US: Air dates

Soldato
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What is it with America and their stupid air date formats? They'll have a week between each episode for 7-8 weeks then they'll start putting 2-3 week breaks between episodes seemingly randomly so you'll start having 1 week, then 3 then a couple of weeks of weekly episodes then a 2 week break and it annoys the hell out of me. Its why I usually prefer to find series that have finished or have a load of seasons already done. The regular week breaks tend to completely break the flow of the series for me, nevermind the 2-3 week breaks. Do UK series do this?

Oh, and don't get me started on 'mid season breaks' :mad:!
 

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Soldato
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They do breaks because especially at the beginning of the year series are ordered only few episodes at the time, so they have to stop for back orders. This is usually in early winter and around Xmas as they have to move schedule around holidays (thanksgiving etc), US sport events and their catchup/re-run schedules anyway. It's only frustrating for us, in Europe because we don't have full picture of their TV roster.

UK series do not do this because they only last between 4 and 7 episodes a year, if that. But if British series followed 23-24 episodes per season rules, I'm sure BBC wouldn't try to compete with something like Olympics or World Cup, which is how yanks treat their baseball and handegg, I mean - American Football.
 
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lol misread title i thought you meant something like speed dating but its done on aeroplanes lol
 
Soldato
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I hate the random breaks as well. I fire up XBMC expecting to see the latest episode of whatever and it's just not there. Grrr!

Fringe for example is on a two week break again. I get the mid season breaks but I hate the random breaks.
 
Soldato
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They do breaks because especially at the beginning of the year series are ordered only few episodes at the time, so they have to stop for back orders. This is usually in early winter and around Xmas as they have to move schedule around holidays (thanksgiving etc), US sport events and their catchup/re-run schedules anyway. It's only frustrating for us, in Europe because we don't have full picture of their TV roster.

UK series do not do this because they only last between 4 and 7 episodes a year, if that. But if British series followed 23-24 episodes per season rules, I'm sure BBC wouldn't try to compete with something like Olympics or World Cup, which is how yanks treat their baseball and handegg, I mean - American Football.

yep... bang on
 
Caporegime
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UK series do not do this because they only last between 4 and 7 episodes a year, if that. But if British series followed 23-24 episodes per season rules,
most american serieis are only 10-12 episodes now?

but anyway they dont like to compete with sporting events etc fot some stupid reason.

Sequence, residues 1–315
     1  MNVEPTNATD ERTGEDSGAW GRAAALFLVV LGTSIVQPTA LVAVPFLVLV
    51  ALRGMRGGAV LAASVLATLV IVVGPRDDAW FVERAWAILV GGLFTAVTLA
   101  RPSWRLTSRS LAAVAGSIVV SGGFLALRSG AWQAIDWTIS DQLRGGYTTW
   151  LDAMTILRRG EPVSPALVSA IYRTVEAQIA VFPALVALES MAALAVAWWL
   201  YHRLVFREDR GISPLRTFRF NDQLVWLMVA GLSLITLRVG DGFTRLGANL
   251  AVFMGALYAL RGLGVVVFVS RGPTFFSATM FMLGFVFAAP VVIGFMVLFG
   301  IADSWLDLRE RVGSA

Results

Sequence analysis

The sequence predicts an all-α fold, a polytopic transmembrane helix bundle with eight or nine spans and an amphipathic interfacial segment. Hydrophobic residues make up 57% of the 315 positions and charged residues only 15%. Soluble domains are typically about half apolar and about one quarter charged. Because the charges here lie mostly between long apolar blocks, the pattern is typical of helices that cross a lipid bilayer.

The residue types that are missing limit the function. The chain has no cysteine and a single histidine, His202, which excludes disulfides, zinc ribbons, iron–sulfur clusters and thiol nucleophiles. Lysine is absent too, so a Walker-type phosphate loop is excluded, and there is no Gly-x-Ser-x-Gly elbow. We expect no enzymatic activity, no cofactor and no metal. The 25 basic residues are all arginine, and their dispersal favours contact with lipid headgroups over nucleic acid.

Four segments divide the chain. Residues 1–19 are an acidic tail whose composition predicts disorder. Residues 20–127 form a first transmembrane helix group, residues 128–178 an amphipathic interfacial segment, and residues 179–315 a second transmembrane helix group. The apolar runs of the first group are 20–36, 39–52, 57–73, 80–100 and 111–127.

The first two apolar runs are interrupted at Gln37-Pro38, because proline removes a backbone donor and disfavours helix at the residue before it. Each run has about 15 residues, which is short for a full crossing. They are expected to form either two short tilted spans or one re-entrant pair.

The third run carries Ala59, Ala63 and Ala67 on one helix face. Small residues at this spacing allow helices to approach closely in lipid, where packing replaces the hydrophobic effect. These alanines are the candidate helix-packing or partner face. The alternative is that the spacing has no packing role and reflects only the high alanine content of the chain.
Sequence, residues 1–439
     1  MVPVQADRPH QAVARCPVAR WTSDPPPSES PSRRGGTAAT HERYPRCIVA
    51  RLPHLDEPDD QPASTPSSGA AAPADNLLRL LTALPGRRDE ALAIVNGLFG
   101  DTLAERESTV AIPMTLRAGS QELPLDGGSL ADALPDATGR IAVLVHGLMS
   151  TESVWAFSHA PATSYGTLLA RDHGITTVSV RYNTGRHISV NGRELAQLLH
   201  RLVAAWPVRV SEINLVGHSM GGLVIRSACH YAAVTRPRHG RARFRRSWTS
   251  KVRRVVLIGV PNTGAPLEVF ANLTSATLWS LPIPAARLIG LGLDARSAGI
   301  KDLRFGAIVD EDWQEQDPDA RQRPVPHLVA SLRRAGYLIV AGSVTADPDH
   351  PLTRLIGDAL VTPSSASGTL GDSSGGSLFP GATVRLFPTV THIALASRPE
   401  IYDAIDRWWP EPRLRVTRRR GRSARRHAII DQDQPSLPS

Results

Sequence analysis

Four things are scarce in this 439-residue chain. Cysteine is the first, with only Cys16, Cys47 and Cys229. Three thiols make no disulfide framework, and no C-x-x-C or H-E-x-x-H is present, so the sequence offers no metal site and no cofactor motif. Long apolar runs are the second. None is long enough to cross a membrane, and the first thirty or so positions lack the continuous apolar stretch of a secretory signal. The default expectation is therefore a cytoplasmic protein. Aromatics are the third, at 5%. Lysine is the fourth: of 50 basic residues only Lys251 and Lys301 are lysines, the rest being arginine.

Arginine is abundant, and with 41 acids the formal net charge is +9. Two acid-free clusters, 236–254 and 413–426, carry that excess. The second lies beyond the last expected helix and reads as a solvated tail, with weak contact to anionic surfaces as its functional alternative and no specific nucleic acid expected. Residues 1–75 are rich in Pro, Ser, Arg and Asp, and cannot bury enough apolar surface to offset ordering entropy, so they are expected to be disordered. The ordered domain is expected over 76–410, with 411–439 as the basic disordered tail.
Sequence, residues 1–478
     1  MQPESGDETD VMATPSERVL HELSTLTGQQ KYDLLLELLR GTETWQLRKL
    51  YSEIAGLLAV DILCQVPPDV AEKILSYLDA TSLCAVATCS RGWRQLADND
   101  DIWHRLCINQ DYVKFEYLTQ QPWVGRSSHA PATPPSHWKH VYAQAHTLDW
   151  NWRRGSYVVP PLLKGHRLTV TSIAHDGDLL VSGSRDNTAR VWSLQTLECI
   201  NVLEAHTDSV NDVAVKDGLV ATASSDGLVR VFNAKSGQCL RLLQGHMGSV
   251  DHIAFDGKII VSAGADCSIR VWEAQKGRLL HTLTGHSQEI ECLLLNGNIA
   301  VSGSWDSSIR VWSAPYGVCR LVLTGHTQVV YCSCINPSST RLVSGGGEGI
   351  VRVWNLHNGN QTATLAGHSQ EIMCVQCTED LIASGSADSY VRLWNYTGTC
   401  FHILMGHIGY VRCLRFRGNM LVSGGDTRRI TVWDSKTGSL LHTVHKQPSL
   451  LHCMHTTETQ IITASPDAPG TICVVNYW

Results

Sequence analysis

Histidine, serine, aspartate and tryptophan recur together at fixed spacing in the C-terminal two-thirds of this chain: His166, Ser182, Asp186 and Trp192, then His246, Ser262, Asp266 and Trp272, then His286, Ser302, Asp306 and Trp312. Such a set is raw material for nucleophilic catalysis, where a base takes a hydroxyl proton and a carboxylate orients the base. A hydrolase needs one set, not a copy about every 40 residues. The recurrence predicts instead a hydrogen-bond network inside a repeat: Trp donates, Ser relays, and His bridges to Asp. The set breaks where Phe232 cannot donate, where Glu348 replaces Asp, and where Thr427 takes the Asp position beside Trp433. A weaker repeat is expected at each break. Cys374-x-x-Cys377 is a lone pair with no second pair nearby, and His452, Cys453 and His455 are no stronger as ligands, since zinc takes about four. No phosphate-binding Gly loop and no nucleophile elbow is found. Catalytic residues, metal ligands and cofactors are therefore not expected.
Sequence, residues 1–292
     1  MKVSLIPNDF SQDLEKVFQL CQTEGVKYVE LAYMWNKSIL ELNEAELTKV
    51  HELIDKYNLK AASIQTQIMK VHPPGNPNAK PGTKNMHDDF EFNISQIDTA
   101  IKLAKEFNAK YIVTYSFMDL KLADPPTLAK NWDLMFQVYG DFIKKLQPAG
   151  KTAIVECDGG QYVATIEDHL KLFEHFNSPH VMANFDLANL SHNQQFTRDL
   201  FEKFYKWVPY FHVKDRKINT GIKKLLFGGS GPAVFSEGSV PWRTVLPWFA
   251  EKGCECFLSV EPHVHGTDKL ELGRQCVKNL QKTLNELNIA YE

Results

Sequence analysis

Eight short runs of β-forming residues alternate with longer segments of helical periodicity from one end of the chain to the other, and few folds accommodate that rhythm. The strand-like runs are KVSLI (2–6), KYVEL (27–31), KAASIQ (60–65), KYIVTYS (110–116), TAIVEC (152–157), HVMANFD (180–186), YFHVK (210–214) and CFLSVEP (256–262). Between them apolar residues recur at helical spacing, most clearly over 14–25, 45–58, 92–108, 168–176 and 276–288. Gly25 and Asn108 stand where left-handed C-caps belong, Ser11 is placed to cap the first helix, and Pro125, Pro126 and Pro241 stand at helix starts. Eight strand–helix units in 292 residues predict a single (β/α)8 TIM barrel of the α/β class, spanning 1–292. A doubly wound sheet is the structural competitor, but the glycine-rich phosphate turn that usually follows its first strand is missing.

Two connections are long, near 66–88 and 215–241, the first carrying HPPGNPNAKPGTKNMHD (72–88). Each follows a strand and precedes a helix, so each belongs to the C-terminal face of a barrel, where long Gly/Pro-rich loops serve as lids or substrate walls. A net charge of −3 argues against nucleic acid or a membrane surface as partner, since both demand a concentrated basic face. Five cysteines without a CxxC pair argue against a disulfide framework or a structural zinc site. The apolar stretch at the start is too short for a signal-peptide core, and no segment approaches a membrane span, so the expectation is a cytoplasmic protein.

non of the shows I follow have christmas episodes either :S

everything is on a break until around 12jan
 

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Soldato
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most american serieis are only 10-12 episodes now?

The only shows with 10-12 episodes are either midseason shows (midseason/early spring, summer) or pre-scheduled series (where every episode from beginning to the end is signed off and made before the season starts) on commercial free channels (HBO, Cinemax, Showtime) or what's referred to as "cable channels" (USA, AMC etc).

Vast majority of autumn shows on air right now have 18+ episode runs and are subject to trial runs with additional script and episode orders and even sudden extensions and bridging. A good example of this kind of tactics would be something like "Switched At Birth". Storyline and quality is not that relevant, but it was just another summer family drama show. Proper single camera set up, hourlong, outside locations & all (none of that "in front of live audience" short jobs). The show was scripted for 13 episodes, but then received extension of 20 episodes, to a total of 32 episodes, to become autumn-spring show. The order was then shortened to 30 episodes, and moved back to summer-autumn status, before a week later season two order of 20 episodes in total was issued conditional on the show being ready for midseason in early January 2013. In other words, people who wrote 13 episodes for a show with cast and crew on short contracts, went through complete rollercoaster of in-out-longer-shorter-renewed and ended up writing and preparing 50 episodes in total between May 2012 and December 2013.
 
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Caporegime
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I can only think of a few series that dont follow the trend of 10-13eps per season
sons of anarchy
1-14 episodes per season (only one season had more than 13 eps)

Dexter 12 episodes per season

true blood
12 episodes per season

Homeland
12 episodes per season

American horror story
12 episodes per season

walking dead
season 1 - 6eps
season 2 -13eps
season 3 - 16eps

Game of thrones